New Year's Eve tickets go unsold
December 3, 1999
From Mark Scheerer
NEW YORK (CNN) -- "Deciding where you're going to be New Year's Eve is a problem we all have, all of us," Sting said in a recent interview. "If I'm going to be in the city, there's only one place: New York. I love this city so I was offered a gig with Tom Jones, Aretha Franklin, Andrea Bocelli -- not so bad."
But in the city that annually drops the ball on the New Year, Sting's big plans were fumbled. With tickets priced in the $1,000 to $2,500 range, "Celebration 2000," as the Sting-Aretha-Bocelli show was billed, couldn't fill New York's 30,000-seat Javits Center.
Although Performance Magazine's Bob Grossweiner says organizers are trying to move the show to a new venue, other shows have been canceled outright. "A lot of concerts aren't selling," he says. "Some of them have been canceled, some of them have been moved to smaller places."
For example, Jewel's show was canceled after only 1,000 tickets of a potential 8,000 were sold. "The promoter at that point realized it's easier to cut his losses than to have the show and lose a lot of money," Grossweiner says.
One possibility is that most people have seen through the "millennium" hype around this year's calendar switch to understand that the third millennium doesn't start until 2001. Eighty-four percent of those voting on the site Millennium321.com have registered their agreement that 2001 -- not 2000 -- opens the new millennium.
'Staying away in droves'
The lack of audience seems to be hitting the much-advertised New Year's concerts particularly hard -- and recalls the Sam Goldwynism about potential audience members "staying away in droves."
"(Joel) has some tickets available at $225, and a few tickets available at $375," says Dennis Arfa, a promoter with QBQ Entertainment. Joel's priciest seat went for $999, but Arfa justifies that stiff price tag this way: "There's the extra cost for staffing the ushers, the security people, the stagehands. All of these are astronomical costs that are passed on as a show expense. We're charging more than what Billy normally, obviously, charges on a concert."
Joel's not alone. A thousand bucks can still get you into the Eagles-Linda Ronstadt-Jackson Browne spectacle in Los Angeles. And Jimmy Buffett's got room to spare at the Universal Amphitheater for anyone with $500 to $1,500 to spend.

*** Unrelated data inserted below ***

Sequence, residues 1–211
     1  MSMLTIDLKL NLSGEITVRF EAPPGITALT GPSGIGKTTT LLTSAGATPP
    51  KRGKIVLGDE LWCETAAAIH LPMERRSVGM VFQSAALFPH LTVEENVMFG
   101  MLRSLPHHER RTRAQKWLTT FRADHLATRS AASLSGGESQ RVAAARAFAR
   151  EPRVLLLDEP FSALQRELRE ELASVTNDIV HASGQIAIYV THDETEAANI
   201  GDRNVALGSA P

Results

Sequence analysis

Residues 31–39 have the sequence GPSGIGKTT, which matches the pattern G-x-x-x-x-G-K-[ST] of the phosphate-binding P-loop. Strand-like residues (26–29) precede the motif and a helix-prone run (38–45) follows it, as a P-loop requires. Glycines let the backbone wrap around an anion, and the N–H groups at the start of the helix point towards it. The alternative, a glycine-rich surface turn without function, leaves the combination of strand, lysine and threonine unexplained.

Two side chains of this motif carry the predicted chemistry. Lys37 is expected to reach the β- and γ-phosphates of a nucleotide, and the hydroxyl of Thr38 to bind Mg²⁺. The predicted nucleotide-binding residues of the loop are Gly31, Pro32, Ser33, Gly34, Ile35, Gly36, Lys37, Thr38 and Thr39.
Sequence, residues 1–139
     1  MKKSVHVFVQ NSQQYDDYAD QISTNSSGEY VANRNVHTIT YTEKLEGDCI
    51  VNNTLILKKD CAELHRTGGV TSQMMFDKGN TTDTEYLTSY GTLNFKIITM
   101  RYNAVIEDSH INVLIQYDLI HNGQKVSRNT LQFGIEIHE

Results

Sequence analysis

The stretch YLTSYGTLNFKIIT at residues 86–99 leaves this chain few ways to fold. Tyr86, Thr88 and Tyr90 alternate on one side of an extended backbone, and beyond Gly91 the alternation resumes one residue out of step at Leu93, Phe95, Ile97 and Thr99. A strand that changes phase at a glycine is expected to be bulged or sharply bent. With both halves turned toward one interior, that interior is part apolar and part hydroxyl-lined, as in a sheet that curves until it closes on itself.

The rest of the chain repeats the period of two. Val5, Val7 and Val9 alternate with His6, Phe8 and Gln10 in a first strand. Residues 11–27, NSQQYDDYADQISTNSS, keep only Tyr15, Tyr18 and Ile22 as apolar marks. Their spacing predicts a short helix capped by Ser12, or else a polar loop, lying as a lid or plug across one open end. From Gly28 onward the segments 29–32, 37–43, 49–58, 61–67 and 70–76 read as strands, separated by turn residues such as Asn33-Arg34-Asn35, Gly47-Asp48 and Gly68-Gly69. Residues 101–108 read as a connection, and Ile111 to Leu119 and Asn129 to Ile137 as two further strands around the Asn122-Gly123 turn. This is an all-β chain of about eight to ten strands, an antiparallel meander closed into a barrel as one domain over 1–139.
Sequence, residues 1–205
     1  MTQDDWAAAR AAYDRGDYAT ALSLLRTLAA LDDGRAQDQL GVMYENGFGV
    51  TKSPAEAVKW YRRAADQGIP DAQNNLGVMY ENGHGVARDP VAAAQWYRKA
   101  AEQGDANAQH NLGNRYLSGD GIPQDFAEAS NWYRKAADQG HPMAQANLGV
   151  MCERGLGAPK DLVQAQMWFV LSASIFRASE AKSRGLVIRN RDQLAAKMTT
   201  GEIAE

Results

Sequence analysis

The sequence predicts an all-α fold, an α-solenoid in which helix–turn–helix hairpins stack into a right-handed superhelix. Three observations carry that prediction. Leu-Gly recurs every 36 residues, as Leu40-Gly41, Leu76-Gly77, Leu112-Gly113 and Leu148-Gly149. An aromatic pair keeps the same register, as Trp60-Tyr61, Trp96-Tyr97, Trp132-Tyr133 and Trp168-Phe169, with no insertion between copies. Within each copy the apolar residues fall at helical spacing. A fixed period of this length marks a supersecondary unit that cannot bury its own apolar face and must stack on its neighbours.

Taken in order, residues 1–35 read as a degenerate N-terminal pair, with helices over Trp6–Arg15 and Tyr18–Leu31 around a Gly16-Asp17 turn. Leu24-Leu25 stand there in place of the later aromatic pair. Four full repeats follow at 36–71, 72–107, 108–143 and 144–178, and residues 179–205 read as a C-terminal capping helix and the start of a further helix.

"In general, I think there was a misread on what the public is willing to spend on this particular night, in general," Arfa says.
He's likely right. In a CNN/TIME poll, some three-quarters of those asked said they expect to be at home -- not at a chi-chi dinner, dance or concert -- when the clock strikes 12 at the end of 1999.
And 75 percent of respondents said they plan to spend the same amount of money or less this New Year's Eve than in the past, predicting they'll spend an average of $176 on the last night of the year.
On the plus side
Not all is gloom and doom for concert promoters and performers as the year draws to a close. No one is doing better than Barbra Streisand, who hasn't played live in four or five years.
Her Las Vegas show for New Year's Eve sold out in five hours when the tickets went on sale in May -- even though the tickets cost $2,500 each. Tickets are still available for the January 1 show she later added.
A Metallica-Kid Rock-Ted Nugent triple bill at Michigan's gigantic Pontiac Silverdome is a near-sellout. With tickets averaging about $70 each, it may be selling better because more people can afford it.
This trio of bands is probably also playing the right tune.
"It's a heavy metal show," says Grossweiner. "Kids that are that age, probably would rather be in an arena like at Woodstock than be at home with the relatives and friends at a party. So the younger, the heavy-metal type of act would probably do better."
At least one performer is taking advantage of that 75 percent staying at home. The artist once known as Prince has a date on pay per view. The cost: $19.99.
Church reviews party options for New Year's Eve
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